65
The Queue
Dequeue
  • A collection with restricted set of operations to
    change its state only modified by adding to one
    end and deleting from the other.

Enqueue
66
NumberQueue Symbolic Diagram
NumberQueue
Initialize
  • head
  • tail

Enqueue

Dequeue
IsEmpty
IsFull
67
  • class NumberQueue
  • public
  • procedure Enqueue(value iot in Num)
  • // contract information here
  • procedure Dequeue(value iot out Num)
  • // contract - queue not empty
  • procedure Initialize
  • // contract information here
  • function IsEmpty returnsa Boolean
  • // contract information here
  • function IsFull returnsa Boolean
  • // contract information here
  • protected
  • List_type definesa record
  • data isoftype Num
  • next isoftype Ptr toa List_type
  • endrecord
  • // create the persistent data

68
  • // still in the protected section
  • procedure Enqueue(value iot in Num)
  • temp isoftype Ptr toa List_type
  • temp lt- new(List_type)
  • temp.data lt- value
  • temp.next lt- NIL
  • if(IsEmpty) then
  • head lt- temp
  • else
  • tail.next lt- temp
  • endif
  • tail lt- temp
  • endprocedure // Enqueue

69
  • // still in the protected section
  • procedure Dequeue (value iot out Num)
  • if(IsEmpty) then
  • // violates contract! Error!
  • else
  • value lt- head.data
  • head lt- head.next
  • if(IsEmpty) then
  • tail lt- NIL
  • endif
  • endif
  • endprocedure // Dequeue

70
  • // still in the protected section function
    IsEmpty returnsa Boolean
  • IsEmpty returns (head NIL)
  • endfunction // IsEmpty
  • function IsFull returnsa Boolean
  • IsFull returns FALSE // dynamic
  • endfunction // IsFull
  • procedure Initialize
  • // initialize the persistent data
  • head lt- NIL
  • tail lt- NIL
  • endprocedure // Initialize
  • endclass // NumberQueue

71
  • algorithm Store
  • uses NumberQueue
  • temp isoftype num
  • checkout isoftype NumberQueue
  • checkout.Initialize
  • . . .
  • loop
  • some people enter and leave store randomly
  • exitif ((no people in store) AND
    (closing_time))
  • if (someone walks up for service) then
  • checkout.Enqueue(persons number)
  • endif
  • if (NOT checkout.IsEmpty) then
  • checkout.Dequeue(temp)
  • print(Now servicing person, temp)
  • endif
  • endloop
  • endalgorithm // Store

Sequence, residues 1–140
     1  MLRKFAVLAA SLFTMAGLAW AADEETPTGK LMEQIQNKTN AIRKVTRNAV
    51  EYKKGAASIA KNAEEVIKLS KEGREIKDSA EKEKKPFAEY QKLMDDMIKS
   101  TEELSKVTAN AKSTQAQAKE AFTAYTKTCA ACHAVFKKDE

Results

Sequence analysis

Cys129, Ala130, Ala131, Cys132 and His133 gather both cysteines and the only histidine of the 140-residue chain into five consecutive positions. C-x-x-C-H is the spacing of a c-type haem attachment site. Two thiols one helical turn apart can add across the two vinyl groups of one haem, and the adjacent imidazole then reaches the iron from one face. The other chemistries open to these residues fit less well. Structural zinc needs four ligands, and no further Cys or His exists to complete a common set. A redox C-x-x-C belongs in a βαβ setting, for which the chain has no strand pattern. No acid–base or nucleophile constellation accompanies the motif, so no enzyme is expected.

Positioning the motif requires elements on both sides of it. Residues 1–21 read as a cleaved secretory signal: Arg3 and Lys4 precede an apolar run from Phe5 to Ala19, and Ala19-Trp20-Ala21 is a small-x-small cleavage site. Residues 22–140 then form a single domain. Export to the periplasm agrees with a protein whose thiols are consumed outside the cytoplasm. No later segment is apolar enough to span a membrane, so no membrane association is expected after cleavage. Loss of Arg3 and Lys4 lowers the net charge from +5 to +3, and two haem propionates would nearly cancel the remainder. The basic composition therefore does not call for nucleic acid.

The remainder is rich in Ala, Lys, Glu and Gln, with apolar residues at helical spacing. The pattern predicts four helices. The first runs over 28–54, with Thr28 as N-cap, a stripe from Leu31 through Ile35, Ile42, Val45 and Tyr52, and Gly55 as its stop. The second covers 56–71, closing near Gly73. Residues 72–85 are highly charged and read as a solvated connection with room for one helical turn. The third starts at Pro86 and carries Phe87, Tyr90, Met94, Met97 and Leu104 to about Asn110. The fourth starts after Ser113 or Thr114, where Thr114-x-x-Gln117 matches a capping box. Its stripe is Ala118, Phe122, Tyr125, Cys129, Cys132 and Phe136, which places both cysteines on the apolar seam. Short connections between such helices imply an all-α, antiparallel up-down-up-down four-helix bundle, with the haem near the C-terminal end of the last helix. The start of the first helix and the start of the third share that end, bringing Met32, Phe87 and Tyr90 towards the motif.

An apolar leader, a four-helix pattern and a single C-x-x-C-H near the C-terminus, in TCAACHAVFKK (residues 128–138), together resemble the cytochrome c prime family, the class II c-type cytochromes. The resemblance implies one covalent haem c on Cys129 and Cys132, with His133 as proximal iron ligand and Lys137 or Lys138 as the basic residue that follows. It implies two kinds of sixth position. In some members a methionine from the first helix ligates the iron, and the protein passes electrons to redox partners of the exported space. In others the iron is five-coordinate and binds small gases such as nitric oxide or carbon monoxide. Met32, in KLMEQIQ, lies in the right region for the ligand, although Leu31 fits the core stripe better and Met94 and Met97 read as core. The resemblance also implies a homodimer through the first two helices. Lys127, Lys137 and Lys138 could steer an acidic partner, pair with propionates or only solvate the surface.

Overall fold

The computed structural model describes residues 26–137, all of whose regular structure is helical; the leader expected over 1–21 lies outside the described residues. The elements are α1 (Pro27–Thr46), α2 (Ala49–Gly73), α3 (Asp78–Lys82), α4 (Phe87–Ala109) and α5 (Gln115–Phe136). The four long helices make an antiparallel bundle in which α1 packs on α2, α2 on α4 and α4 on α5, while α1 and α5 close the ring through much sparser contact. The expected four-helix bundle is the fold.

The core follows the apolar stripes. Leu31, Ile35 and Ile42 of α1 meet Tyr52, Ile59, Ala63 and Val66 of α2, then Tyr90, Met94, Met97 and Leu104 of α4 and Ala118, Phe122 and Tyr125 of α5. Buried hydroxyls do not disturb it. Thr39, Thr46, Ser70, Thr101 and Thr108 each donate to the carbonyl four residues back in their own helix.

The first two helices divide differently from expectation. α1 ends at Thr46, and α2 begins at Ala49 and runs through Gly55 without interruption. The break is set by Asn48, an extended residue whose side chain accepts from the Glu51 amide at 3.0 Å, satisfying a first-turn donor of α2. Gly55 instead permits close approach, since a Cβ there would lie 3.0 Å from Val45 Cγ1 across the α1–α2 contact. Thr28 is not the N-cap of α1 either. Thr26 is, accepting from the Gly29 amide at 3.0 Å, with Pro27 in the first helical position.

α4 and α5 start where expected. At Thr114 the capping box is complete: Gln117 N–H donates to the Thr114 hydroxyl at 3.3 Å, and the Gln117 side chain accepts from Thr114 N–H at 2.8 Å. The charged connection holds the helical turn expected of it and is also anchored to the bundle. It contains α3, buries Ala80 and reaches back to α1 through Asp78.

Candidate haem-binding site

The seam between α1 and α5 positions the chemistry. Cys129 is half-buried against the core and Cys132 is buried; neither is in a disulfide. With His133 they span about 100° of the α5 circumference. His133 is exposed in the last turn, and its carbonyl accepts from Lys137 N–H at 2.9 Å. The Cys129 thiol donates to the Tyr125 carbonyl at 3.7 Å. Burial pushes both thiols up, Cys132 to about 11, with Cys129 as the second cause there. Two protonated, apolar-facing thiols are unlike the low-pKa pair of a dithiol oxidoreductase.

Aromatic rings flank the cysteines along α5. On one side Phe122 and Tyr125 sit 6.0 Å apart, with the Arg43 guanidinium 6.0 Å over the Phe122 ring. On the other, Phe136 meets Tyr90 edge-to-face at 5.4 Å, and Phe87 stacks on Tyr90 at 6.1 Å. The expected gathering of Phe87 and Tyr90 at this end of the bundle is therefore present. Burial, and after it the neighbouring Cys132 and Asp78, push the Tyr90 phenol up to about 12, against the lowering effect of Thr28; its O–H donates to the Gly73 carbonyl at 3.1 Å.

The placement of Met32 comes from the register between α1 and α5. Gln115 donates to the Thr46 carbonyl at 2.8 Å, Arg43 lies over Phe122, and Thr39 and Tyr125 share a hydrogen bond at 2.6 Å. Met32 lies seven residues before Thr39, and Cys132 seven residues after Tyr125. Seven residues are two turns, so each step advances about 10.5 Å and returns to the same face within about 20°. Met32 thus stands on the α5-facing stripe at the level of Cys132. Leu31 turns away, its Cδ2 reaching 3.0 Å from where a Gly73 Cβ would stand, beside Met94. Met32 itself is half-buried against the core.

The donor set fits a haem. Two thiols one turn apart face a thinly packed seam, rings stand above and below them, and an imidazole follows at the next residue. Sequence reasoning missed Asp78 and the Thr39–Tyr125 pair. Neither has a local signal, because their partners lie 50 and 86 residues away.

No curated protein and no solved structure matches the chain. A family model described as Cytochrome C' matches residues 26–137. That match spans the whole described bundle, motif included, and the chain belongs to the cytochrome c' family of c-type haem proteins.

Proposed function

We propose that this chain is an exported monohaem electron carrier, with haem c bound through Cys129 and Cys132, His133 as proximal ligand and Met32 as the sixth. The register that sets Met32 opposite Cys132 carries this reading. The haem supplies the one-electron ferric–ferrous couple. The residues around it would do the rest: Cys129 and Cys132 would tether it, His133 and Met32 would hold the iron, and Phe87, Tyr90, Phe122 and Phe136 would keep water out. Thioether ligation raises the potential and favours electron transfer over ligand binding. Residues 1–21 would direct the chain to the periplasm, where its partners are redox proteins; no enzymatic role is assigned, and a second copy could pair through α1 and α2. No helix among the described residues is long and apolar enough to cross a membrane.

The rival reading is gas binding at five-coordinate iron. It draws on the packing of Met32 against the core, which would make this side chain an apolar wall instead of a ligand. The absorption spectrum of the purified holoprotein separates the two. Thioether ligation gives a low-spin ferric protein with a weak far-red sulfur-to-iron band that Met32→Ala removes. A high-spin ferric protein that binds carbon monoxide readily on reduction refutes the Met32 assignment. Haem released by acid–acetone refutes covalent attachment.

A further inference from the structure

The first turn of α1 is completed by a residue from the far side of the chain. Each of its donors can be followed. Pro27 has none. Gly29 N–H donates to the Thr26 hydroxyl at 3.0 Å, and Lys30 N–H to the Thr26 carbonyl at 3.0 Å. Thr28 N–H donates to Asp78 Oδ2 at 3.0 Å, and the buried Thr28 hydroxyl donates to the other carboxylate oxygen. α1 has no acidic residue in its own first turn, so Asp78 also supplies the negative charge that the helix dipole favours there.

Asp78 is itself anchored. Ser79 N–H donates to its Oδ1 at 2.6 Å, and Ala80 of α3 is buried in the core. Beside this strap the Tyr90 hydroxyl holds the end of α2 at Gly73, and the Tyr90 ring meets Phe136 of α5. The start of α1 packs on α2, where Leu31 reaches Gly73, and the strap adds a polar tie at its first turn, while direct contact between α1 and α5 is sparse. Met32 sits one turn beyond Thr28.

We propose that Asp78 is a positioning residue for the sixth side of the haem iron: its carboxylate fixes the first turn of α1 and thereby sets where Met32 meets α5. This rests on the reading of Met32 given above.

72
Example Simulating the Lotto
  • We want to define a class that will allow us to
    simulate the lottery.
  • We want to place elements into random locations
    in the collection.
  • When we get an item from the collection, we want
    a random element.

73
A Pile Class
  • A data structure in which
  • Items are inserted somewhere randomly in the
    middle of the structure
  • Items are removed from a random location in the
    structure

74
Pile Symbolic Diagram
NumPile
Initialize
  • Head
  • num_of_things

StickOn
DigOut
Random
IsEmpty
75
  • class NumPile
  • public
  • procedure StickOn (the_thing iot in Num)
  • // purpose put an item on the pile.
  • // pre none
  • // post the pile has the item added to it
  • procedure DigOut (the_thing iot out Num)
  • // purpose get an item off of the pile.
  • // pre the pile is not empty.
  • // post the pile has a random element//
    removed.
  • function IsEmpty returnsa boolean
  • // comments here - contract
  • procedure Initialize
  • // comments here - contract

76
  • protected
  • PileNode definesa Record
  • thing isoftype Num
  • next isoftype ptr to PileNode
  • endrecord // PileNode
  • head isoftype ptr toa PileNode
  • num_of_things isoftype Num
  • procedure Initialize
  • num_of_things lt- 0
  • head lt- NIL
  • endprocedure // Initialize
  • function IsEmpty returnsa boolean
  • IsEmpty returns (head NIL)
  • endfunction // IsEmpty

77
  • // still in the protected section
  • function Random returnsa Num
  • // returns a random number lt
  • // num_of_things
  • endfunction // Random
  • procedure StickOn (thing isoftype in Num)
  • place_to_insert isoftype Num
  • place_to_insert lt- Random
  • new_node isoftype ptr toa PileNode
  • new_node lt- new(PileNode)
  • // loop through pile until place-to-
  • // insert is reached, then insert node
  • num_of_things lt- num_of_things 1
  • endprocedure // StickOn

78
  • // still in the protected section
  • procedure DigOut (thing isoftype out Num)
  • thing_to_snag isoftype Num
  • place_to_get isoftype Num
  • place_to_get lt- Random
  • // code for looping through pile to
  • // find right thing-to-snag, then
  • // remove it
  • num_of_things lt- num_of_things - 1
  • thing lt- thing_to_snag
  • endprocedure // Dig-Out
  • endclass // NumPile

79
Using the Pile Class
  • algorithm Lotto
  • uses NumPile
  • lotto_pile isoftype NumPile
  • lotto_pile.Initialize
  • ticket isoftype Num
  • loop
  • exitif (All Entries Purchased)
  • Get_Entry(ticket) // get input from user
  • lotto_pile.StickOn(ticket)
  • endloop
  • // Now, find one winner
  • lotto_pile.DigOut(ticket)
  • print ("The winning number is", ticket)
  • endalgorithm // Lotto

80
Summary
  • Writing classes involves considerable work in
  • Design, Implementation, Testing
  • But once done, algorithms may make use of the
    classes
  • Instantiating objects and manipulating them
  • Hiding the details and implementation
  • Much of the work is done inside the object

81
Questions?
82